Sen. John McCain envisions that by 2013, the Iraq war will be won, but the threat from the Taliban in Afghanistan won’t be eliminated, even though Osama bin Laden will have been captured or killed.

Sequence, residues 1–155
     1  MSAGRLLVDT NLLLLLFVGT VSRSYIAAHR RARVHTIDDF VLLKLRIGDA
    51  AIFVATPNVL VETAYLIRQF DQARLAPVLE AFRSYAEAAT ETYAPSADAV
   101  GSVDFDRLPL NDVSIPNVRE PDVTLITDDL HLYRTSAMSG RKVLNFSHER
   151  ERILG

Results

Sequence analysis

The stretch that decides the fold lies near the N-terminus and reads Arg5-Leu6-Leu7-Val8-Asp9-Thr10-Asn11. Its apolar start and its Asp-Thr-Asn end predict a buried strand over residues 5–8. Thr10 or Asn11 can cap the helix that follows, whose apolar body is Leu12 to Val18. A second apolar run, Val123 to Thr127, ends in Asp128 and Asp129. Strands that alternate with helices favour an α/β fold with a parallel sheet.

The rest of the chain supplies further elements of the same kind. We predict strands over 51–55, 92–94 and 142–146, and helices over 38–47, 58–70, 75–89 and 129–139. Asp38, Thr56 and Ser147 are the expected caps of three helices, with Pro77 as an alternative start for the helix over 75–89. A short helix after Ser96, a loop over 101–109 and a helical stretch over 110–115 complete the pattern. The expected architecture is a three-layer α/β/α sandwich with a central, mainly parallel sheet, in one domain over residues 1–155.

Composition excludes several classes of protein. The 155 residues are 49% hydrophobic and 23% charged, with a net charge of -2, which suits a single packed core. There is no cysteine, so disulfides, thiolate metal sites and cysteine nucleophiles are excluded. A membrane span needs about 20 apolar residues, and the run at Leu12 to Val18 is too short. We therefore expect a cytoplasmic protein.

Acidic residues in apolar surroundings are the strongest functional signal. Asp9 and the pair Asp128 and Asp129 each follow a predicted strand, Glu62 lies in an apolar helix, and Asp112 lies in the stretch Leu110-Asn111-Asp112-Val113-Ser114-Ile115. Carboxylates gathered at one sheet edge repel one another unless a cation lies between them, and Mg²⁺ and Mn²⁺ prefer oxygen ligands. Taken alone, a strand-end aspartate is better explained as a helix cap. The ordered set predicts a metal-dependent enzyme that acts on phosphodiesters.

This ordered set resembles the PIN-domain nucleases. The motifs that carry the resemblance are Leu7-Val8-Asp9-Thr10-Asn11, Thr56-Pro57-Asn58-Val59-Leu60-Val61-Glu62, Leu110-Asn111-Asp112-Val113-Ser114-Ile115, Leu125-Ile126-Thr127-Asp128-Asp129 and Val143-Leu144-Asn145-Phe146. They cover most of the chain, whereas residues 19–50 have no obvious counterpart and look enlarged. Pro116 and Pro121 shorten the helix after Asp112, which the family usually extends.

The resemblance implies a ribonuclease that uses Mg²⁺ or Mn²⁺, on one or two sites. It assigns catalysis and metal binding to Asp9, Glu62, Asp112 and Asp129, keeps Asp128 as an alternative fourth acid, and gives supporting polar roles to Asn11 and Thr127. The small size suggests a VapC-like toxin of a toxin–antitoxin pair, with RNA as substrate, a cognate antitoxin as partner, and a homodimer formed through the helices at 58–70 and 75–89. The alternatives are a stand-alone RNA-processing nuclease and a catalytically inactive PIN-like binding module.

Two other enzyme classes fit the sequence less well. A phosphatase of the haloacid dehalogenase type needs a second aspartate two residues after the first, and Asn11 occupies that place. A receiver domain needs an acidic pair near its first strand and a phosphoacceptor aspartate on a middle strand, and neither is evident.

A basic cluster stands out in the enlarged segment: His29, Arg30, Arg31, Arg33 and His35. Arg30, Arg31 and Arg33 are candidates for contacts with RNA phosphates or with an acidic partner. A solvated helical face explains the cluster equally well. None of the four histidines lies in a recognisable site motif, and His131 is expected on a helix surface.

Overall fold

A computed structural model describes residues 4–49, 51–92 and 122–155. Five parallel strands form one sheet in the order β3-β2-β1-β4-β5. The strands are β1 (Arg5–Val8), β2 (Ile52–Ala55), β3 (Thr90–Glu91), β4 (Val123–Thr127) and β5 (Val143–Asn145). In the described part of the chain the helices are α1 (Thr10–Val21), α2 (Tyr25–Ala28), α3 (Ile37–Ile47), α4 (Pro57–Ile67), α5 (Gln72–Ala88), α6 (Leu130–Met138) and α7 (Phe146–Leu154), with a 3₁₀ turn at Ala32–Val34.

The presumptive Republican presidential nominee made both statements in a speech in which he envisions the state of affairs at the end of his first term if he is elected president. “What I want to do today is take a little time to describe what I would hope to have achieved at the end of my first term as president. I cannot guarantee I will have achieved these things,” McCain said in Columbus, Ohio. McCain’s speech was unusual — and somewhat risky — in that it laid out benchmarks on which he could be judged. “It certainly was an ambitious speech,” said Bill Schneider, a CNN senior political analyst, noting that many of the things McCain mentioned will be “very tough things for a president to accomplish.” “But perhaps the key point that he made was the tone and tenor of his presidency when he said near the end of his speech, ‘If I’m elected president, the era of the permanent campaign will end. The era of problem solving will begin,’ ” Schneider said. “What’s interesting about that is that precisely echoes what Barack Obama is talking about in his campaign,” Schneider said, referring to the Democratic presidential candidate. The Arizona senator said he believes that the United States will have a smaller military presence in Iraq that will not play a direct combat role, and he predicts that al Qaeda in Iraq will be defeated. Watch McCain say most troops will be home from Iraq by 2013 » “By January 2013, America has welcomed home most of the servicemen and -women who have sacrificed terribly so that America might be secure in her freedom. “The Iraq war has been won. Iraq is a functioning democracy, although still suffering from the lingering effects of decades of tyranny and centuries of sectarian tension,” McCain said.